Apple’s announcement, that it is closing Ping, is attracting much attention. In some of the reactions, one senses an aura of Schadenfreude, some unspoken yet tangible satisfaction that Apple did not prevail in this initiative.
Smart Change is Not a Mistake
CEO Tim Cook was forthright: “We tried Ping, and I think the customer voted and said ‘This isn’t something that I want to put a lot of energy into.’”
Appropriately, he was not penitent.
How many individuals stick for too long with a failed or sub-par approach? So often, it’s a self-serving mindset: they come to view change as a mistake. Thus, even correcting what is, objectively, a mistake, is distorted into a disabling disappointment, an admission of error to be avoided.
Such confusion sets the table for serious error.
This can be magnified in large organizations; it can be a mark of fatal incumbency. Forces favoring the status quo temporarily obscure the voices of the stakeholders they are supposedly serving.
Today, it’s especially pronounced in government. Public officials are criticized mercilessly if they acknowledge a mistake, a need for mid-course correction. Reasonable adaptation is ridiculed or condemned. Thus they tend to hold fast to courses of action that simply don’t make sense. Throw in a dollop of sunk costs–even lives lost–and you have the ingredients of wholesale dysfunction.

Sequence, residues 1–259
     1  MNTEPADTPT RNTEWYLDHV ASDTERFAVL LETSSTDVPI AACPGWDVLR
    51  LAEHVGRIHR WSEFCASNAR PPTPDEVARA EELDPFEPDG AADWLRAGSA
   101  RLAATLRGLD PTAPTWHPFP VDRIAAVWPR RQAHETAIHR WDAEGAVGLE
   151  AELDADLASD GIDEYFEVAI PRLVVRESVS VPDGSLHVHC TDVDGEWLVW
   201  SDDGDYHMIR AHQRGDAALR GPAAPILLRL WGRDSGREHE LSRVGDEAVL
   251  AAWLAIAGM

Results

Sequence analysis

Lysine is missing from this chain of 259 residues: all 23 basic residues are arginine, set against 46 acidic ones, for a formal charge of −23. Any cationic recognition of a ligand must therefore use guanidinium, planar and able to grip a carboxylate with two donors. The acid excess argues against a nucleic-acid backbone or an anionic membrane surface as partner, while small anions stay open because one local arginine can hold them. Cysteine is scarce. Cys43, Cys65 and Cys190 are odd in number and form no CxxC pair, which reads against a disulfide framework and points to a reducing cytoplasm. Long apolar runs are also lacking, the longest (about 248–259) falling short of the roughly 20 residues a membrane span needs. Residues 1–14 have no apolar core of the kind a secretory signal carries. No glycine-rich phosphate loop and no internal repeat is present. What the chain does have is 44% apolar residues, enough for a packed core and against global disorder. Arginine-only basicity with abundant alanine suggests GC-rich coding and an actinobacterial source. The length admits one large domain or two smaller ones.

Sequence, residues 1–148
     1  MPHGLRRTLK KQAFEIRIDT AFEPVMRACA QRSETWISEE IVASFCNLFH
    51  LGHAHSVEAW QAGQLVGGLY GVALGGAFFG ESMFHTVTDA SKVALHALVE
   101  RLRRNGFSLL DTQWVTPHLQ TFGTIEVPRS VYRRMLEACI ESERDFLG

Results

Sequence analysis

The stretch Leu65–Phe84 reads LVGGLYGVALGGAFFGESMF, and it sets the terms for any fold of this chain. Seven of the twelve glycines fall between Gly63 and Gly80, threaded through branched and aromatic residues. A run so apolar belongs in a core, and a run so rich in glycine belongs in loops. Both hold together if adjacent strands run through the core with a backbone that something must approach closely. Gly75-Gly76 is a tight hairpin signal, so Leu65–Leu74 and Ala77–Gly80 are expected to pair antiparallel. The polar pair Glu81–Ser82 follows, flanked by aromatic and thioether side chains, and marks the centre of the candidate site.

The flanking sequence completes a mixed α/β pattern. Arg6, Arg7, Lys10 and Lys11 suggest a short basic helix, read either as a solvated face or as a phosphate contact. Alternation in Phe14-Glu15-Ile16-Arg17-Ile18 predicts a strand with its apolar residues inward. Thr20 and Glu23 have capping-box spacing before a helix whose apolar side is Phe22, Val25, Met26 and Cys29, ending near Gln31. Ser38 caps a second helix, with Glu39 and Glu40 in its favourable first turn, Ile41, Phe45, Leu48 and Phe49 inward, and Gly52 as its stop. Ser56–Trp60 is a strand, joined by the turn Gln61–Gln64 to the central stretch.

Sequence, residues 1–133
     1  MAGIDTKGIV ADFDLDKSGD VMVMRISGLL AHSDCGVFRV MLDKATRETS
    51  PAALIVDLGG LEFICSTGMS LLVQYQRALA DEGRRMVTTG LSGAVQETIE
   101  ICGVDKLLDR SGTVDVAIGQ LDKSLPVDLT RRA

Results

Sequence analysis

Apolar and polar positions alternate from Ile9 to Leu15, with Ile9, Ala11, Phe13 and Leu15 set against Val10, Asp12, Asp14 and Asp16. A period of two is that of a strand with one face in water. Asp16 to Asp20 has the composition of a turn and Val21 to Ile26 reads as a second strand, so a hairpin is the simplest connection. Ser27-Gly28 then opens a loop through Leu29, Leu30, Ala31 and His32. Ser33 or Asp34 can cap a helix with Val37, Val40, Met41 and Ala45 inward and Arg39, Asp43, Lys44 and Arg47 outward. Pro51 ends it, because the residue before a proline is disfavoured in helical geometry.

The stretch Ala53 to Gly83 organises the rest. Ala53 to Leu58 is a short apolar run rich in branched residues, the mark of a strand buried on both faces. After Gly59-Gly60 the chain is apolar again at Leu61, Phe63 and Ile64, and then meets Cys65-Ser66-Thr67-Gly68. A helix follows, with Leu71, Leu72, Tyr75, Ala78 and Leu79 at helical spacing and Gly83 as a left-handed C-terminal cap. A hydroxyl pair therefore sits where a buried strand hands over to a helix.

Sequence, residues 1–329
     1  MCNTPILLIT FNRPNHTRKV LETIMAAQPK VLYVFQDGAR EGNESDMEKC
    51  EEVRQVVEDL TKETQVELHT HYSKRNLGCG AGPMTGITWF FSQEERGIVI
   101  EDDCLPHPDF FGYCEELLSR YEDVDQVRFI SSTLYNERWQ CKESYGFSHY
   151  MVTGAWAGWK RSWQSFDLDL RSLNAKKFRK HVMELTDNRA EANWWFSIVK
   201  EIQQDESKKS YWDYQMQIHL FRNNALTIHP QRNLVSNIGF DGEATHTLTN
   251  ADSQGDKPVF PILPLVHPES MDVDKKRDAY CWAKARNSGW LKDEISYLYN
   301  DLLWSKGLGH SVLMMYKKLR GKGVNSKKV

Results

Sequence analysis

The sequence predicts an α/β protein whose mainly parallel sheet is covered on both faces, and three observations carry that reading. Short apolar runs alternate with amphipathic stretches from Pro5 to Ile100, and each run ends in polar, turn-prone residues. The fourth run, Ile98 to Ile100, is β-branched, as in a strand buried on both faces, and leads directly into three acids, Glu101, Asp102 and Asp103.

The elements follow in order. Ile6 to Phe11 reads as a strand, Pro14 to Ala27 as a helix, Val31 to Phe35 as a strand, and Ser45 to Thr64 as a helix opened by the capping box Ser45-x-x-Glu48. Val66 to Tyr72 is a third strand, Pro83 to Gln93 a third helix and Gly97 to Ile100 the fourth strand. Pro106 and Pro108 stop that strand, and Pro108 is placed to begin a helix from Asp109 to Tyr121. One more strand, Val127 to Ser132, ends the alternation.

Apple Joins Forces With Facebook
Whatever challenges Facebook and Apple have had in their past interactions, it appears that they’re on a smart track for the time being.
And, in not becoming wed to an approach that was not optimal, Apple sent messages to all stakeholders that they’re focused on the future, on serving others effectively.
The wisdom and value created from adapting in a smart way, even to acknowledging a “mistake,” so far overshadow the “mistake,” that it would be a mistake to call it a “mistake.”
It’s smart, tough, nimble 21st century leadership.
Apple Ping Shuttered | Smart Change Not Mistake